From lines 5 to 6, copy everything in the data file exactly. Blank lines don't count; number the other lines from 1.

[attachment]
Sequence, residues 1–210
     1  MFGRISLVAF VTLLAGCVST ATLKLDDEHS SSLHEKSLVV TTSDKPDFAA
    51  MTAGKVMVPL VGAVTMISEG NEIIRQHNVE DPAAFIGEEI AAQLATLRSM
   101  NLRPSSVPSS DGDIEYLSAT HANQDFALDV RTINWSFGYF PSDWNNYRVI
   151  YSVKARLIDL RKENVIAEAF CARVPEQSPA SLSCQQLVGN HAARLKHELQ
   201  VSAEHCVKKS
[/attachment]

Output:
   151  YSVKARLIDL RKENVIAEAF CARVPEQSPA SLSCQQLVGN HAARLKHELQ
   201  VSAEHCVKKS